A recent study of the mutation landscape of >3000 cancers across 12 major cancer types from the Cancer Genome Atlas (TCGA) program revealed PIK3CA as the second most commonly mutated gene, occurring at >10% frequency across most cancer types, with mutations occurring mostly in the PIK3CA kinase (39% overall, 52% for breast cancer) and helical (45% overall, 39% for breast cancer) domains and their most frequent hotspot mutations being H1047R and E545K, respectively. Limited preclinical evidence has suggested that mutations affecting the kinase and helical domains can produce different phenotypic consequences; and our recent analysis of the TCGA data indicates that helical domain mutations, relative to kinase domain mutations, are preferentially associated with pathway/PARADIGM activity features enriched for cell motility mechanisms (e.g. RHO GTPases) and loss of gap junctions, suggesting that helical domain mutations might serve to enhance cell invasiveness and metastatic motility. To validate the functional differences predicted by these two classes of PIK3CA mutations, we turned to the non-malignant breast epithelial cell line MCF10A bearing targeted pathogenic knock-ins of H1047R or E545K at the PIK3CA locus; and we compared RNA-seq expression profiles from the wildtype (wt) and knockin isogenic clones. RSEM was used to estimate gene and isoform abundance; and EBseq was used to perform differential expression analysis. In a three-group comparison, over 2500 differentially expressed genes were identified as differentiating wt cells and the PIK3CA mutated MCF10A clones, with the greatest transcriptional changes (2043 genes) observed between either kinase or helical domain mutations and wt cells. Functional enrichment analysis (DAVID) revealed enrichment of 17 pathway categories among these 2043 genes, representing 3 major functional groups, the most prominent being protein translation. Only 409 genes were differentially expressed across all three groups, suggesting the transcriptome effect differentiating E545K from H2047R bearing MCF10A clones was less pronounced. In a direct comparison of the kinase and helical domain clones, >900 differentially expressed genes were identified that showed enrichment in 64 pathways representing altered cell morphology, motility, apoptosis and phosphorylation, but without enrichment in protein translation function. In particular, MCF10A E545K clones showed significant loss of expression in 19 tight junction-associated genes linked to oncogenic EMT (e.g. OCLN, CLDN-7, TJP1, MYL9). Thus, consistent with our pathway conclusions drawn from the TCGA clinical dataset, helical domain mutations appear to confer an EMT-like expression phenotype beyond the effects of both helical and kinases domain mutations on protein translation.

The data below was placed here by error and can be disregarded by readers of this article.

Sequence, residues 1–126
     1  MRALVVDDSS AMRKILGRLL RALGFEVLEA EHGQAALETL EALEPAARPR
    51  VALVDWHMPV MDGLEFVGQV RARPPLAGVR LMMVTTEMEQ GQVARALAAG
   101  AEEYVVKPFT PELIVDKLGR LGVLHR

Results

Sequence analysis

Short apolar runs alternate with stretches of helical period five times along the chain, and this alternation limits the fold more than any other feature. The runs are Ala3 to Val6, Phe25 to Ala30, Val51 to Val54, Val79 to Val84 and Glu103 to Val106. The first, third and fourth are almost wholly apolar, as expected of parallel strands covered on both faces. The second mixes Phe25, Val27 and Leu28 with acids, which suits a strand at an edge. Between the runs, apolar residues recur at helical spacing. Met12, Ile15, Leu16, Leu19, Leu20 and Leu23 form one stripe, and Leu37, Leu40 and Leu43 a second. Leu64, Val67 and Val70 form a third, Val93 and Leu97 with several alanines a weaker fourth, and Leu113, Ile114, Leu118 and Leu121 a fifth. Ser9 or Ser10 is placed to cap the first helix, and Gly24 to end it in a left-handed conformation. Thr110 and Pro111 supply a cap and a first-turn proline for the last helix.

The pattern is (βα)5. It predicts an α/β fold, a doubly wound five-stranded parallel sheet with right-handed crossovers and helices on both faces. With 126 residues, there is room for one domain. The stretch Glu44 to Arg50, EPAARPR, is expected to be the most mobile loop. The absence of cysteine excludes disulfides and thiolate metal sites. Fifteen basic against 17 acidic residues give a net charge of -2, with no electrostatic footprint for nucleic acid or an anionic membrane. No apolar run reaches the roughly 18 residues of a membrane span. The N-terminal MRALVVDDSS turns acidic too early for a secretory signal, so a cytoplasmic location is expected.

Citation Format: Christina Yau, Joe Garay, Stephen Benz, Joe Gray, Ben Park, Christopher C. Benz. An EMT-like gene expression profile differentiates helical from kinase domain PIK3CA mutations. [abstract]. In: Proceedings of the 106th Annual Meeting of the American Association for Cancer Research; 2015 Apr 18-22; Philadelphia, PA. Philadelphia (PA): AACR; Cancer Res 2015;75(15 Suppl):Abstract nr 1084. doi:10.1158/1538-7445.AM2015-1084